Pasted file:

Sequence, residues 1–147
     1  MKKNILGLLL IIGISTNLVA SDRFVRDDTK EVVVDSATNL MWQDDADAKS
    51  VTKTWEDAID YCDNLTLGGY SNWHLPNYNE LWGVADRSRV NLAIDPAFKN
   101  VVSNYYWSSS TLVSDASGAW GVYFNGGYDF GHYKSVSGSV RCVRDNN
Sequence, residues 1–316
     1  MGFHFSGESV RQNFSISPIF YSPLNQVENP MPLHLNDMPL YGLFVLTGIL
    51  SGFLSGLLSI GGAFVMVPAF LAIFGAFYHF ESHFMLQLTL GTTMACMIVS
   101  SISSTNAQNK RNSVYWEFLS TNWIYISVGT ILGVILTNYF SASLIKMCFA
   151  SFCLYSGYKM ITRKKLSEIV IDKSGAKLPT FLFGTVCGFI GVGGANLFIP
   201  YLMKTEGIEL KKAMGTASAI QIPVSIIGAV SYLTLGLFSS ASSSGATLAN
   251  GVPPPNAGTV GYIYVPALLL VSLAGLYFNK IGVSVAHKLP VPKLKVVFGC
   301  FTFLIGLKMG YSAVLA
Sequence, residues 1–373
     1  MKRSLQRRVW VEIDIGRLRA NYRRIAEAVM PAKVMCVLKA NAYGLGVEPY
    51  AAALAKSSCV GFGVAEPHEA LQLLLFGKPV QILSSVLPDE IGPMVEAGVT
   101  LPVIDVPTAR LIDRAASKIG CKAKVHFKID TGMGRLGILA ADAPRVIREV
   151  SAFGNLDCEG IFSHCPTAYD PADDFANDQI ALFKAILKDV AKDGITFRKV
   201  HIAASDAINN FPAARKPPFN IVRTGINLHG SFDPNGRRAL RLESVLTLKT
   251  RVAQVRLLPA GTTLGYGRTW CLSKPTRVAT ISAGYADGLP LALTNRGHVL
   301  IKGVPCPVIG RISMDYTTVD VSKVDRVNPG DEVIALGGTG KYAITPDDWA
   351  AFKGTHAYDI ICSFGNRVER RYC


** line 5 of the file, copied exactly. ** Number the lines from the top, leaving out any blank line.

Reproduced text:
Sequence, residues 1–316